Ammonium nitrate explosion that killed at least 135 appears to have been caused by poorly-stored cargo from an abandoned vessel

The explosion that killed at least 135 people and injured over 5000 others in Beirut, Lebanon, on 4 August seems to have originated from an ammonium nitrate cargo stranded since 2013. Lebanese President Michel Aoun said around 2700 tonnes of ammonium nitrate stored unsafely in a warehouse caused the explosion. The country has declared a two-week state of emergency in response. The enormous explosion demolished large areas of the city and has left hundreds of thousands homeless.

An image showing the pink cloud from the Beirut blast

Source: © Anwar Amro/AFP/Getty Images

Clouds of smoke following the explosion bore the characteristic red colour of nitrogen dioxide

Robin Taleb is a chemist at the Lebanese American University’s Byblos campus, 35km north of Beirut. He heard the explosion even at that distance. He spoke to Chemistry World as he drove to Beirut to help the recovery effort, planning to assemble with others near a partially functional power station. ‘We’ll see how many people we are and organise ourselves into groups,’ Taleb explains. ‘Then every group will go into a particular house to see if they need help to clean up, and get them food.’

Taleb has been using his chemistry knowledge to help explain what’s happened on his Facebook and Instagram accounts. ‘I was trying to explain exactly what a shockwave is, what’s the difference between a nuclear weapon versus a chemical weapon, and so on,’ Taleb says. Yet he struggles to believe there were actually 2700 tonnes of ammonium nitrate, used both as a fertiliser and an explosive, in storage. His initial suspicion is that the explanation is a cover up for a military operation, highlighting the ammonium nitrate’s value, which would be several hundred thousand pounds. ‘And nobody wants to claim it?’ he asks.

The idea that such a quantity would have been left unattended for six years beggars belief

Andrea Sella, UCL


However, evidence from the shipping industry supports the Lebanese government’s explanation. In October 2015, reported that in 2013, the Rhosus had been sailing from Georgia to Mozambique with a cargo of 2750 tonnes of ammonium nitrate. Experiencing problems, it entered Beirut port and was forbidden from sailing. Acting on behalf of creditors, the law firm Baroudi & Associates obtained arrest warrants against the vessel.

‘Efforts to get in touch with the owners, charterers and cargo owners to obtain payment failed,’ the solicitors wrote. They appear to have kept the cargo on behalf of the creditors. ‘Owing to the risks associated with retaining the ammonium nitrate on board the vessel, the port authorities discharged the cargo onto the port’s warehouses.’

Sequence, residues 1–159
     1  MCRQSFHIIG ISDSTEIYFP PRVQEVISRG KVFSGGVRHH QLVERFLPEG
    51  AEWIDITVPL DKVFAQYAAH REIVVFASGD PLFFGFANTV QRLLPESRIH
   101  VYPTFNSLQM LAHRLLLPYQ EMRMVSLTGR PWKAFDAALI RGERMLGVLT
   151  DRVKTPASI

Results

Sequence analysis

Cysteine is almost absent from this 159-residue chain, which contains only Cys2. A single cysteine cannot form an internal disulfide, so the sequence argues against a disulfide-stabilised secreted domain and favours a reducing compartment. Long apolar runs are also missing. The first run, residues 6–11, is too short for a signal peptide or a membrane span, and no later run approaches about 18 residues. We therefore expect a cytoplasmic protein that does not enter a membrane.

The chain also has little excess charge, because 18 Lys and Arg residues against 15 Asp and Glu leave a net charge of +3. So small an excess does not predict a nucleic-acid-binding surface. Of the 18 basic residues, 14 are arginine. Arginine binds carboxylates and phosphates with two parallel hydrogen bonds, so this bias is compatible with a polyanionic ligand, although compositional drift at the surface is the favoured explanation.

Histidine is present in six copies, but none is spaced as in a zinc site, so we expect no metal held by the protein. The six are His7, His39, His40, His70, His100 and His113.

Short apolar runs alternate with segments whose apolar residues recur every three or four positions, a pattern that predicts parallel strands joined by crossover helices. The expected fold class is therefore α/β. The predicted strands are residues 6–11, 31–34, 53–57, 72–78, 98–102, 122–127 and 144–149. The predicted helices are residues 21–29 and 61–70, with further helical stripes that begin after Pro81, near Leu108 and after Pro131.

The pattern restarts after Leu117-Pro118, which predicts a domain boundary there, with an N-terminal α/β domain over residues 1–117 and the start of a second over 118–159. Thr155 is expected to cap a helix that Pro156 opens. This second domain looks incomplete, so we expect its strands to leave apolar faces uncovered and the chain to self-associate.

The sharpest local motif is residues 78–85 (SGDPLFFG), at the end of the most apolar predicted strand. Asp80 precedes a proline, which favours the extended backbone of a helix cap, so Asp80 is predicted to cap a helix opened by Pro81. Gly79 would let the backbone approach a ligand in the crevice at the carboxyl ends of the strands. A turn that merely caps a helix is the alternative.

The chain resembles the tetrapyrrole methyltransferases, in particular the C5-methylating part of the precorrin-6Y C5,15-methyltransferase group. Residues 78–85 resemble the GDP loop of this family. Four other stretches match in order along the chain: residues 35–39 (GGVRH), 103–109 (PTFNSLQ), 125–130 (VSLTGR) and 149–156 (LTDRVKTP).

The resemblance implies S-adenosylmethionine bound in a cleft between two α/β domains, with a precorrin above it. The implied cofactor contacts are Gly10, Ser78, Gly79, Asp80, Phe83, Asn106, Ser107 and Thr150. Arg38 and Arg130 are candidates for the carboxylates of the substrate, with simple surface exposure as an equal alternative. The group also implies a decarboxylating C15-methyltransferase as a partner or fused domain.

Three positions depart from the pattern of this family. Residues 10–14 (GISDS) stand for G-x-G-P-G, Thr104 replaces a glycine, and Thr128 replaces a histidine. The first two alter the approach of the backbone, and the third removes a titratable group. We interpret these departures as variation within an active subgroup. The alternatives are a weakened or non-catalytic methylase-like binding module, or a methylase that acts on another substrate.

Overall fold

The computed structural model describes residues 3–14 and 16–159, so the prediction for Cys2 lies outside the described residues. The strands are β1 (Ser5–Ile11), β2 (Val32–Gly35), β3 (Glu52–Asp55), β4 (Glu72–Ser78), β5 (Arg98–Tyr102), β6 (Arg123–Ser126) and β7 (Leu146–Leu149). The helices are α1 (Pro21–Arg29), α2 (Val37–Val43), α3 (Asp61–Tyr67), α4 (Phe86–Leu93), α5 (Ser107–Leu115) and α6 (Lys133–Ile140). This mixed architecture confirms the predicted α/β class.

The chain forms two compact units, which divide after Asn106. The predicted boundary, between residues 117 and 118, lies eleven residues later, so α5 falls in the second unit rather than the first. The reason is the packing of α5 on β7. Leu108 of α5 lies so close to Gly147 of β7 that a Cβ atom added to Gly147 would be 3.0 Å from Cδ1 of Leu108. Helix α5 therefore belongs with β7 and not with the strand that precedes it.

An accident waiting to happen

‘Finding the owners of the cargo can be tricky,’ adds David Lockwood, director of operations at UK-based Merlin Global Maritime, who has no connection to the Rhosus. He notes that data on the shipping information system Equasis back up the account of the ship’s problems in 2013. ‘Reading between the lines, the ship was en route to Mombasa to discharge her cargo, and then on to scrapping in India, stopped for fuel at Beirut, and was found unseaworthy so the cargo was transhipped ashore,’ Lockwood says. The Rhosus wouldn’t have been allowed through the Suez canal in its condition, meaning that it would have had to sail around the west and south coasts of Africa, Lockwood adds. Facing the extra costs, the cargo owners may have decided to leave the ammonium nitrate in Beirut until they found an alternative solution.

An image showing the aftermath of the Beirut explosion

Source: © STR/AFP/Getty Images

The explosion and resultant shockwave devastated large areas of the city around the port

Alex Djerdjev from the University of Sydney, Australia, explains that there are strict regulations for storing ammonium nitrate, including, ventilation, automatic sprinkler systems and stacking. That seeks to mitigate the inherent chemical risk of the substance, which combines a strongly oxidising nitrate ion with an ammonium ion fuel element.

While even small quantities of contaminants can act as a catalyst to initiate reactions that lead to an explosion, Djerdjev thinks that this is unlikely to be the cause, based on news coverage. Instead he points to reports of an accidental fire, which would have got quickly out of control without proper precautions. ‘Such a large stockpile of ammonium nitrate should not be stored so close to residential areas,’ he says.

‘This is a catastrophic regulatory failure because regulations on the storage of ammonium nitrate are typically very clear,’ comments Andrea Sella from University College London, UK. ‘The idea that such a quantity would have been left unattended for six years beggars belief and was an accident waiting to happen.’

Unfortunately, despite attempts to improve regulatory ovrsigeht, large ammonium nitrate explosions happen with distressing regularity. The most recent example in Tianjin, China, in 2015, involved 800 tonnes of ammonium nitrate, with 173 fatalities. There are also parallels with the 2013 West Fertilizer explosion near Waco, US. The most deadly of another dozen incidents dating back a century involved 450 tonnes of ammonium nitrate in Oppau, Germany, and killed 561 people.

The explosion comes at an especially sensitive time for Lebanon. Beyond the Covid-19 pandemic, the country was already dealing with economic and political turmoil. Nevertheless Taleb notes that his compatriots will be determined to work together to deal with the ensuing damage and injuries. ‘This is a country where anytime something happens we help each other out.’